Ripple: Crypto lawyer explains the chinks in SEC’s allegations against XRP
- Crypto lawyer Jeremy Hogan shared his thoughts on the SEC’s case against Ripple.
- Hogan pointed out the shortcomings in the SEC’s citation of the Howey Test.
Popular crypto lawyer Jeremy Hogan recently took to Twitter to offer his thoughts on the Securities and Exchange Commission’s controversial lawsuit against Ripple.
Hogan, who is a partner at Hogan & Hogan, paid particular attention to the arguments and allegations presented by the wall street regulator before the court.
XRP may be an investment contract at best
In his Twitter thread, Jeremy Hogan pointed out that as per the legislative definition of security, the possible category that XRP may be designated is that of an investment contract.
The crypto lawyer was referring to the famous Howey Test, which the securities regulator has repeatedly cited in its case against Ripple. The test refers to a U.S. Supreme Court case that helps determine if a transaction qualifies as an investment contract and would therefore be considered a security and be subject to the country’s securities laws.
According to Hogan, the Howey Test doesn’t focus on the contract part of the investment contract but rather assumes that a contract existed and was required for an explicit legal agreement.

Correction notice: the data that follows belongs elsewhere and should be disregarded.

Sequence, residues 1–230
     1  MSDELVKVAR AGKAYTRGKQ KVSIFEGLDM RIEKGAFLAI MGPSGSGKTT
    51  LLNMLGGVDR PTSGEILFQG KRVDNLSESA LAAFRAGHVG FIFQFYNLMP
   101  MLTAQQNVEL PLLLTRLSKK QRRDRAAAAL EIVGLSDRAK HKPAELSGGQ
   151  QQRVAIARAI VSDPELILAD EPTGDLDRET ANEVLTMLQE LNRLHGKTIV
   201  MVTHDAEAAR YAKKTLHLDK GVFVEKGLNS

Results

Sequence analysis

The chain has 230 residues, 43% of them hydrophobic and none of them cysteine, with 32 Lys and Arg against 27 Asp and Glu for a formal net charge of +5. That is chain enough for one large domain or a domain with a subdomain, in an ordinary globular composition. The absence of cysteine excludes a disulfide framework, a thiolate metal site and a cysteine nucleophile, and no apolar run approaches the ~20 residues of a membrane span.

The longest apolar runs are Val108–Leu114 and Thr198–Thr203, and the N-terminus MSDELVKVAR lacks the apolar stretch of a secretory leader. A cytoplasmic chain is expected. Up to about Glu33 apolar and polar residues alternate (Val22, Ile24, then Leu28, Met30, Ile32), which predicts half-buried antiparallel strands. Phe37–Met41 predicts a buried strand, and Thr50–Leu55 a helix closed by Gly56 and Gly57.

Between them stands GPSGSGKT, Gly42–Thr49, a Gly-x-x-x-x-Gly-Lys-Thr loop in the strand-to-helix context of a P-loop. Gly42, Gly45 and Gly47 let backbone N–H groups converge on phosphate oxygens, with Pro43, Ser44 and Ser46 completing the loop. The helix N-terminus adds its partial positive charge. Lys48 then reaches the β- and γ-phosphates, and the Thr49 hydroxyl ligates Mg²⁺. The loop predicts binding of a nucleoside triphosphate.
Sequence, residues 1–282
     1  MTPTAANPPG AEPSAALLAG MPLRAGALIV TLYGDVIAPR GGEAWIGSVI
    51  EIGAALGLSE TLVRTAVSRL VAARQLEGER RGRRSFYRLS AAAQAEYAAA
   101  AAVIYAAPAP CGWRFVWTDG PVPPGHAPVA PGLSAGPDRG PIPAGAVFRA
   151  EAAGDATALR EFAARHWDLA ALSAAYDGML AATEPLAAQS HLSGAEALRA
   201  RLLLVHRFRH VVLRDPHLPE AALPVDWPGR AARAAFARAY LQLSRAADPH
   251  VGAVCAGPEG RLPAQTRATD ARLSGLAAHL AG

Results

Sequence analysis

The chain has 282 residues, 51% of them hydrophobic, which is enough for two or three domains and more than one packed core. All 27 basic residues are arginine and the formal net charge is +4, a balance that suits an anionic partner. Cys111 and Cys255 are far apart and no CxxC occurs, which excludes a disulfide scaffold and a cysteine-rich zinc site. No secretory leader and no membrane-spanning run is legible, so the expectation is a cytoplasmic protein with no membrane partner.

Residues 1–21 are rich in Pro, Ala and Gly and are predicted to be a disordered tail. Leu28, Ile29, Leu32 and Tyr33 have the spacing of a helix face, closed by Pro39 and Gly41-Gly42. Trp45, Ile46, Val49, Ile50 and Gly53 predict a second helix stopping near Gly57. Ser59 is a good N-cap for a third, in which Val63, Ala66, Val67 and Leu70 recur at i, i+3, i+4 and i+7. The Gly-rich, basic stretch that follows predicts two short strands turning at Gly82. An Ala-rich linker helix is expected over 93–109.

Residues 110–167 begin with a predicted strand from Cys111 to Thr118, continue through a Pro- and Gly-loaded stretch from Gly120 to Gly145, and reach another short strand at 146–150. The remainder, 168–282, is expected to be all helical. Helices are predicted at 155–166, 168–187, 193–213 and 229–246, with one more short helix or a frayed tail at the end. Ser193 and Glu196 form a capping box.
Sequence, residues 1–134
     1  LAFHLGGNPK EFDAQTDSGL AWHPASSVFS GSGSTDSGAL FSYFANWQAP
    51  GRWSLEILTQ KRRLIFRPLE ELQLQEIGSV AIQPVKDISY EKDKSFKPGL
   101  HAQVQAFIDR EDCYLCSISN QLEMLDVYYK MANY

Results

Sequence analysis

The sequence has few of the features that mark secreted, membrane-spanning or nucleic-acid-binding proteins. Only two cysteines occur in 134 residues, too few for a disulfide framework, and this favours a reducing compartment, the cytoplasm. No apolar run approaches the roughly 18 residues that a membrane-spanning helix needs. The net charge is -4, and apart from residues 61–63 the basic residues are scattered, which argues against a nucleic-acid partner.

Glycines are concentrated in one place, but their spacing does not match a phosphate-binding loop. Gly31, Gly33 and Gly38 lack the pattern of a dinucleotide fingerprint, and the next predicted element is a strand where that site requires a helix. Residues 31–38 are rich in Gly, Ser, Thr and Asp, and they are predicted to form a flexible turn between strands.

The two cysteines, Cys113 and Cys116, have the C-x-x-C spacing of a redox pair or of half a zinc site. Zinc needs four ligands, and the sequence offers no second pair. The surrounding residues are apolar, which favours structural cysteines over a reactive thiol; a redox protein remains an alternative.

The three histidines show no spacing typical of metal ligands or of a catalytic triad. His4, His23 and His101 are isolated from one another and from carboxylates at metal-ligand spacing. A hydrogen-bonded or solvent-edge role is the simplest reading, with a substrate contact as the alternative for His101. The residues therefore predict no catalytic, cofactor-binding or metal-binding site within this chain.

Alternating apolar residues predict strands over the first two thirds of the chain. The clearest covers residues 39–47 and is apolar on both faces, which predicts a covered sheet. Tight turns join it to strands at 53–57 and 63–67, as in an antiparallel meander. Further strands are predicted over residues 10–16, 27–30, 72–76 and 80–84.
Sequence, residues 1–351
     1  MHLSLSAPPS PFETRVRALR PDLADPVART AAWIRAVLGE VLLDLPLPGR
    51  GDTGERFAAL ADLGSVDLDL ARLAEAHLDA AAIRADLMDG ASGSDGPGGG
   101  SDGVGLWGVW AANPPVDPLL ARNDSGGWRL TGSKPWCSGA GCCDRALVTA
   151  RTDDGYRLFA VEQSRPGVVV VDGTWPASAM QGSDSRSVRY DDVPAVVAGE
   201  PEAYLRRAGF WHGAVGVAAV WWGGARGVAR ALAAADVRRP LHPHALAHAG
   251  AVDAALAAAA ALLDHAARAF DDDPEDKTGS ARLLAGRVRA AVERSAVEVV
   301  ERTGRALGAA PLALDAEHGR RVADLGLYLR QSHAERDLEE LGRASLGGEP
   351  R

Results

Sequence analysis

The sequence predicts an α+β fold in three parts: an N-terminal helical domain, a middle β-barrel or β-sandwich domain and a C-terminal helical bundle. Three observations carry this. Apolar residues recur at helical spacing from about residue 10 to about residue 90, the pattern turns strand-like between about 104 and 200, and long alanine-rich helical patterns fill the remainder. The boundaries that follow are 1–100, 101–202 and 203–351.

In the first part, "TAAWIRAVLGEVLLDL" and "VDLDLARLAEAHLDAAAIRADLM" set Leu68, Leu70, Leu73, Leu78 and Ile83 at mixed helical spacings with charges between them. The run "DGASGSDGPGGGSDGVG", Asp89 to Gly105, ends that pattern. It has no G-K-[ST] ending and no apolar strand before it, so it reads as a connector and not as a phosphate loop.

The crypto lawyer argued that in Ripple’s case, the SEC had failed to argue that there was an explicit contract of investment. Instead, the regulator has stated that the purchase agreement is all that is required.
Hogan believes that a simple purchase agreement only proves that Ripple had an obligation to transfer XRP to the buyer, with no mention of expected profits on the investment.
“The issue is NOT whether Ripple used money from the sale of XRP to fund its business. The issue is whether the SEC has proven that there was either an implied or explicit “contract” between Ripple and XRP purchasers relating to their “investment.” There was no such contract,” Jeremy Hogan stated.